“A customer can call and request a product today and we want to be able to turn it around immediately for them,” he said. “Our focus right now is to ensure that every part’s trail is followed.
Before implementing its new ERP system five years ago, De La Fontaine had already introduced a number of labour-saving cutting and bending machines, including CNC press brakes and CO2 laser cutting tables with load/unload capabilities, that could improve material flow.
Since then those investments have continued. These include a Bystronic fibre laser with a ByTrans load/unload system that allows for storage return and transfer, as well as the removal of large parts. This is effective for long part runs.
The shop also added a Bystronic 3-kW fibre laser, which sits next to a Salvagnini P2lean panel bender. This allows for easy movement of large doors from the laser to the panel bender.
The laser is used to cut parts up to ¼ in. thick but is most commonly used for 18-gauge material, the company’s bread-and-butter steel. The fibre laser is also very effective for etching patterns and creating cutout details in custom doors, an important part of the company’s value proposition to customers.
The panel bender was introduced to simplify bending on larger parts.
“We had a 120-in. piece of material that was difficult for operators to work on our press brakes,” said Bouchard. “Parts that large can be difficult to manoeuvre – they take time and require lots of handling. It was an ideal process for the introduction of automation. When you have to do three or more bends on such a large part, automation is going to offer quicker processing times. Now we get about triple the output of that product. It’s also much safer to make the bends that way.”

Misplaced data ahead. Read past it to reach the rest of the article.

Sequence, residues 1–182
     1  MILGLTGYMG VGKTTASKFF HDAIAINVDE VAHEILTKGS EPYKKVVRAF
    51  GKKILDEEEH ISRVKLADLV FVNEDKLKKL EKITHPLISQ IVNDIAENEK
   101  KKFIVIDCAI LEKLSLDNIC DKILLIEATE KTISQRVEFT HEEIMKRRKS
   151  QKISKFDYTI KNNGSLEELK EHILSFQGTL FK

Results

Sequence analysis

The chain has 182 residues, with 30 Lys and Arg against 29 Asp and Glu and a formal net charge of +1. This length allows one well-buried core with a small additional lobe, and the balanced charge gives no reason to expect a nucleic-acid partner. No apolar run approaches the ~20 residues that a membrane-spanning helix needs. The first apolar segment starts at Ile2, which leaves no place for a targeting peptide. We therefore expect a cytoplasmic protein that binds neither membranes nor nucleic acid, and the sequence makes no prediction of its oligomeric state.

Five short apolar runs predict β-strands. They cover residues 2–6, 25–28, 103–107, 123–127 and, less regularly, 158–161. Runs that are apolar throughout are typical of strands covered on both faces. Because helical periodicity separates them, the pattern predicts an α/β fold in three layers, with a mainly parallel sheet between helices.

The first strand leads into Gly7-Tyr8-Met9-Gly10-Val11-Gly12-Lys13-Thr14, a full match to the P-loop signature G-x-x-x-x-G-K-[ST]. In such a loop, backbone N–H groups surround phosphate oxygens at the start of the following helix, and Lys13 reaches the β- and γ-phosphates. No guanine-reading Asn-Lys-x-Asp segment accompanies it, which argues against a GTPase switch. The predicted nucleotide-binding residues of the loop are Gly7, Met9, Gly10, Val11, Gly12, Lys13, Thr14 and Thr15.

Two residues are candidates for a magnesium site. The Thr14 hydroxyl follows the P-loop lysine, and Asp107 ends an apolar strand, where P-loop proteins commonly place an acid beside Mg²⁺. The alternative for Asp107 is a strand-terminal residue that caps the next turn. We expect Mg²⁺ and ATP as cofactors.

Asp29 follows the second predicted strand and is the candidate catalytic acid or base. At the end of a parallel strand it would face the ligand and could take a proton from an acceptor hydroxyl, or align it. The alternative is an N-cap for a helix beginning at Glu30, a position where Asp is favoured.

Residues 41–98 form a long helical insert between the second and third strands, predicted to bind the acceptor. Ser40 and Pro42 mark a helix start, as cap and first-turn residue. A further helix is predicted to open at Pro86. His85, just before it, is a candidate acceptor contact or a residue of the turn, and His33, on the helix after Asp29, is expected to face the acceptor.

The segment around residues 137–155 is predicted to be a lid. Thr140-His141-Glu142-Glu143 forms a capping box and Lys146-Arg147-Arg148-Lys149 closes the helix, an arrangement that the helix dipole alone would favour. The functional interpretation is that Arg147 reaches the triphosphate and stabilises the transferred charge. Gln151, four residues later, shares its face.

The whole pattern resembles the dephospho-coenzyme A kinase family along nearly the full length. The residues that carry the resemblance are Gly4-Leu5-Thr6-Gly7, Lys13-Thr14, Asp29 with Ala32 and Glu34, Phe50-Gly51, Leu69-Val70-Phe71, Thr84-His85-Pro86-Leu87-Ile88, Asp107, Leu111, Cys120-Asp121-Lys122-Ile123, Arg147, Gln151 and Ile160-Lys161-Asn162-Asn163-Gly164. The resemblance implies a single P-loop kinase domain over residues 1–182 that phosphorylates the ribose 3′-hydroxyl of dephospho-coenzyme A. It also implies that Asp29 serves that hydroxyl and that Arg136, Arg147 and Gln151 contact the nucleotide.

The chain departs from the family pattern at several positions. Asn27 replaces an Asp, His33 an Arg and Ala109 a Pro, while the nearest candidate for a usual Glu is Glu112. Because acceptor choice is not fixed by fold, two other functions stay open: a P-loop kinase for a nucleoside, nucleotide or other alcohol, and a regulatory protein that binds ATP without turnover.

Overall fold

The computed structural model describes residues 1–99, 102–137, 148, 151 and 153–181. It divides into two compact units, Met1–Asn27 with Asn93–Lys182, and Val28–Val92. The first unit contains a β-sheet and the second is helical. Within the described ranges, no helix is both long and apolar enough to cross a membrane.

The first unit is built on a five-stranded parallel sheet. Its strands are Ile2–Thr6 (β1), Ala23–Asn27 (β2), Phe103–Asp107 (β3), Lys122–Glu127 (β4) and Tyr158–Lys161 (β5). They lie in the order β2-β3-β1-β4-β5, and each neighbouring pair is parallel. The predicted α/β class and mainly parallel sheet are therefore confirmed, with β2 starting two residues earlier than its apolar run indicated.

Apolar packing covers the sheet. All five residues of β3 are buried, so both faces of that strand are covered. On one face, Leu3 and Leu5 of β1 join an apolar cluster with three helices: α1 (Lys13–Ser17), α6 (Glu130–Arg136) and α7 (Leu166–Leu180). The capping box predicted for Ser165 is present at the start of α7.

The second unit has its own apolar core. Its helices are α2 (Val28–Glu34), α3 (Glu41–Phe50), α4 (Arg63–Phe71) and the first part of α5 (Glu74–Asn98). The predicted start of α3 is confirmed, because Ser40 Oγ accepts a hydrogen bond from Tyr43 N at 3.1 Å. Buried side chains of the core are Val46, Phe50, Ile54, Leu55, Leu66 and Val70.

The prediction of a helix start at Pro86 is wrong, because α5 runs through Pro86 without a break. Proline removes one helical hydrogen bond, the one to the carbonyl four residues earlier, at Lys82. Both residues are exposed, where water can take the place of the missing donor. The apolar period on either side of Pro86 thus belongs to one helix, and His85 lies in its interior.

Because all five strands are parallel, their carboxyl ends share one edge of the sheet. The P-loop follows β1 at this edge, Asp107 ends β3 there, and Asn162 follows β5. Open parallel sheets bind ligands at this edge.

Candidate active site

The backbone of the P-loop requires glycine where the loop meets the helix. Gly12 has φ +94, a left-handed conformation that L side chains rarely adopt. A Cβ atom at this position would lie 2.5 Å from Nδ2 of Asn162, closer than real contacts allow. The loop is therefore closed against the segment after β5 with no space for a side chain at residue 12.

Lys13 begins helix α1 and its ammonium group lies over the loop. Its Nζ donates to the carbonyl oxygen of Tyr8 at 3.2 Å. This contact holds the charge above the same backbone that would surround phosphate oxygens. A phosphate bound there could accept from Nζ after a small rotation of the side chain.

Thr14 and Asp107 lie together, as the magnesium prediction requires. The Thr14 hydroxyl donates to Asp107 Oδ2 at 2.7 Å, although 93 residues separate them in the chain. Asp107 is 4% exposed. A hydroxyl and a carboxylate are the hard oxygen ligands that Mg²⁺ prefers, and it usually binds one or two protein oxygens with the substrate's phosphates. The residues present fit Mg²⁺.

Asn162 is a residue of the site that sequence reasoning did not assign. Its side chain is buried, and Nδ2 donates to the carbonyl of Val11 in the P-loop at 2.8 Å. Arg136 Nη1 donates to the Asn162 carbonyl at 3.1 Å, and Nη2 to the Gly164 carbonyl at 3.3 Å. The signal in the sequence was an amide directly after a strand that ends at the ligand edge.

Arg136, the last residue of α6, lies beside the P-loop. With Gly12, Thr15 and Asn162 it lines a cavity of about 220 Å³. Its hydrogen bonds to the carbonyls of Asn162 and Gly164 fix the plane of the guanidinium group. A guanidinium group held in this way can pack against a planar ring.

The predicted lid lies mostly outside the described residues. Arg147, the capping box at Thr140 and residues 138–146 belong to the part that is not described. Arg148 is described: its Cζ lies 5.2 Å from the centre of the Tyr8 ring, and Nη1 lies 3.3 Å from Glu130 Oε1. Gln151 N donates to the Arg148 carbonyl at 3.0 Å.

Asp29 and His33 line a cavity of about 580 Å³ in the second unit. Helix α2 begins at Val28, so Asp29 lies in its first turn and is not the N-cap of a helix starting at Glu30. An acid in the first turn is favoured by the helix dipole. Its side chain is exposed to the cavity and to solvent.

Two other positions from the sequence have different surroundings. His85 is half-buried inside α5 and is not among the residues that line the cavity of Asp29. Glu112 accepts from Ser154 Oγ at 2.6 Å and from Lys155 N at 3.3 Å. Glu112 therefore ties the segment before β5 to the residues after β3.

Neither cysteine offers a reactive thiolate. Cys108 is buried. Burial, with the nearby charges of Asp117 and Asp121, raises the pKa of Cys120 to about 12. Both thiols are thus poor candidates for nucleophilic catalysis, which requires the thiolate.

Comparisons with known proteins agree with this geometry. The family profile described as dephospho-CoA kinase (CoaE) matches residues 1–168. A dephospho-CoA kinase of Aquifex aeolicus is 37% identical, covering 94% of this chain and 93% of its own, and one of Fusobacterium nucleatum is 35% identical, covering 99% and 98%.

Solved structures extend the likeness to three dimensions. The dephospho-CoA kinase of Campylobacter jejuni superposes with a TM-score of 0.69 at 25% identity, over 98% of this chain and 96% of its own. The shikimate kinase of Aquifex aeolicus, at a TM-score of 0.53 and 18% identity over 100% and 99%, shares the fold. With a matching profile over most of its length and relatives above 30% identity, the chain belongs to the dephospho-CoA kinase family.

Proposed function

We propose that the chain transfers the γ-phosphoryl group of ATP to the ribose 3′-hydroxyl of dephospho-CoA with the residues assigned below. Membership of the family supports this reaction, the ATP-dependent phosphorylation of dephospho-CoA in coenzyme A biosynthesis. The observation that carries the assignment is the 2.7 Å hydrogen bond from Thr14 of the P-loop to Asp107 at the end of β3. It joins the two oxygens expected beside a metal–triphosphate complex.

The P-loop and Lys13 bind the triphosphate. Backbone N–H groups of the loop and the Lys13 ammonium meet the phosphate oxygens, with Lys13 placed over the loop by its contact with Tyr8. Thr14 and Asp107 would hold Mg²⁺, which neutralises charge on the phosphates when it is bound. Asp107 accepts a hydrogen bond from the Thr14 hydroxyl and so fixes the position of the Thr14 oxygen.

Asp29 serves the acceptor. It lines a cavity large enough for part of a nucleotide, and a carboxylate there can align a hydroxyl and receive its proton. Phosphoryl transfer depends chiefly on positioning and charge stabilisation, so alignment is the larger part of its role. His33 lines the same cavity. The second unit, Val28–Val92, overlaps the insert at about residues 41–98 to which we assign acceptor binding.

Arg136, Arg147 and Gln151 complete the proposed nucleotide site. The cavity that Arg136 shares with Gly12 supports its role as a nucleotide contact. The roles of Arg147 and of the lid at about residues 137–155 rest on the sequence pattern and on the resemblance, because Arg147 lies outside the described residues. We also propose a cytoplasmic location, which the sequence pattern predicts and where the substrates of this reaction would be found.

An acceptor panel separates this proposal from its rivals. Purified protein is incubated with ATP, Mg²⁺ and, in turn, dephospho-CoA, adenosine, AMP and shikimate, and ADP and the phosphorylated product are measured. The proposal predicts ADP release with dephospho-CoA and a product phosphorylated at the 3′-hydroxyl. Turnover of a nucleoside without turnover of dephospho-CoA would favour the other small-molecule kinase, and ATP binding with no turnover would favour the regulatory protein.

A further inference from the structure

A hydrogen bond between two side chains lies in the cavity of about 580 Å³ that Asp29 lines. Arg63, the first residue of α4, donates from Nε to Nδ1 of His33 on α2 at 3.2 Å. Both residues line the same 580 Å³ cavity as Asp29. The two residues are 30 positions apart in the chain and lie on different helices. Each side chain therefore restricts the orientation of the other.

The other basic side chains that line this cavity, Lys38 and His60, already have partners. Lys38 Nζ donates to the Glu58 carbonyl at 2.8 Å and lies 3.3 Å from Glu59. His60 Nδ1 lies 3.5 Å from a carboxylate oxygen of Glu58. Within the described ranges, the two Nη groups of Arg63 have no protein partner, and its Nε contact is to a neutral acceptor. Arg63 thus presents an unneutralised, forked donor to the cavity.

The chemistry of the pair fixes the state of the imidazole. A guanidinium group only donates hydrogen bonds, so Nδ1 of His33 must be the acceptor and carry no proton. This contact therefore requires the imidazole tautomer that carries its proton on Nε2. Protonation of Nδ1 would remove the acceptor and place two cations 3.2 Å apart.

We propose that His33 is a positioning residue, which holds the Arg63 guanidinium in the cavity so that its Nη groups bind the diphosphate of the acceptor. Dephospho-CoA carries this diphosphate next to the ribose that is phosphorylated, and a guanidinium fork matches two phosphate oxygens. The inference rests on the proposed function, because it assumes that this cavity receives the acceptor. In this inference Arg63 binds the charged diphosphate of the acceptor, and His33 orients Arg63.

Currently one main product is being processed on the panel bender, but as the team gets used to operating it, Bouchard sees opportunities to produce other parts, such as frames, on the bender.
Shop Flow Ingenuity
De La Fontaine has created a very effective flow in its shop. Much of it involves in-house-built roller tables that allow doors and door parts to be passed along through production from the fabrication department, to assembly, and from there to finishing and the paint booth. This seemingly simple solution means there are fewer opportunities for lift-related injuries and creates a clear path for production at the same time.
While this is helpful, Bouchard said that there are other forms of efficiency that the company continues to look at – mainly, more automation.
“We are looking at adding more automation, step by step, as we are able and as it makes sense for our production processes,” Bouchard said. Importantly, however, it has to be possible to shift production to meet the needs of rush jobs. But the company is working toward it. Already it has experimented with welding automation, but Bouchard sees opportunities to add more systems in the shop’s fabrication area to increase production further.
“However, we are pleased with what we have accomplished so far also,” he said. “In five years we have doubled production, and we maintain three shifts throughout the week. We are also able to bring in students to work in the shop on weekends, giving them work experience and helping us introduce young people to our industry. It helps us build our team for the future.”
This last point Bouchard mentioned is an important one for De La Fontaine as well: While innovation will continue to change the nature of its production line, as a third-generation family business, the owners understand the value of people. It will be interesting to see where each of these investments will take the company in coming years.
Canadian Fabricating & Welding - September 2019